Discussions at CEELI Institute deal with issues addressed by Council of Europe guidelines on electronic evidence

This post was originally published on 18/08/2020.

Contributor:  Stephen Mason, Barrister and author.

Reposted by kind permission of the Council of Europe, European Committee on Legal Co-operation.

The CEELI Institute, in Prague, launched a four-part webinar discussion series as part of its program with the Central and Eastern European Judicial Exchange Network in April 2020. The first of these series which focuses on “Videoconferencing in Support of Remote Access to Courts” took place in April/May 2020 and the webinar 4 (held on 19 May 2020) was devoted to “The Technical Requirements for Using Videoconferencing in the Courts”. Barrister Stephen Mason participated in the discussion on The Legal Requirements for Using Videoconferencing in the Courts. The second series on “Access to Justice During and After the Pandemic” took place in June/July 2020 and looked at broader justice issues raised by the pandemic. Mr. Mason also participated in webinar 3 of this series (held on 30 June 2020) on Electronic Evidence and Dealing with Witnesses in Videoconference Hearings.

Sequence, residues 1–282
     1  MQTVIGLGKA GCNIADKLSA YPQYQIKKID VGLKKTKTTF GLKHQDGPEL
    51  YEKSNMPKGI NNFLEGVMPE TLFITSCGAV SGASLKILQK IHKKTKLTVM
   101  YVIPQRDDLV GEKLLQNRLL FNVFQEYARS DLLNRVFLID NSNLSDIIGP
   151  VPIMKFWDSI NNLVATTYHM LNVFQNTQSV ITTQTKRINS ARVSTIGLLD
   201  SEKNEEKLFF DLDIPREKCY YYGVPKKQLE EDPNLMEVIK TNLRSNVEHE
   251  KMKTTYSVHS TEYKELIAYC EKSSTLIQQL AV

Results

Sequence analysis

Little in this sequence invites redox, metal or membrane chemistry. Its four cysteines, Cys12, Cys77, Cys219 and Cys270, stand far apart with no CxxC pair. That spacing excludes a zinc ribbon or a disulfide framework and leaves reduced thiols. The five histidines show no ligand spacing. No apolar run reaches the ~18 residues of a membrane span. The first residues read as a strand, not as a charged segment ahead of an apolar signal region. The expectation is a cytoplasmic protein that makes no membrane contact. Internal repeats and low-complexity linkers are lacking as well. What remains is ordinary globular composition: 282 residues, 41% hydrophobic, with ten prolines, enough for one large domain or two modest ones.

The Committee of Ministers of the Council of Europe adopted, in January 2019, guidelines on electronic evidence in civil and administrative proceedings. The purpose of the guidelines is to help the 47 member states to adapt the operation of their judicial and other dispute resolution mechanisms to address issues arising in relation to electronic evidence in civil and administrative proceedings. The guidelines deal with oral evidence taken by a remote link, use of electronic evidence, collection, seizure, and transmission of evidence, relevance, reliability, storage, preservation archiving, awareness-raising, review, training, and education.

Stephen Mason

Stephen Mason is a barrister and author. He is an Associate Research Fellow at the IALS and co-author of Electronic Evidence and Electronic Signatures,5th ed.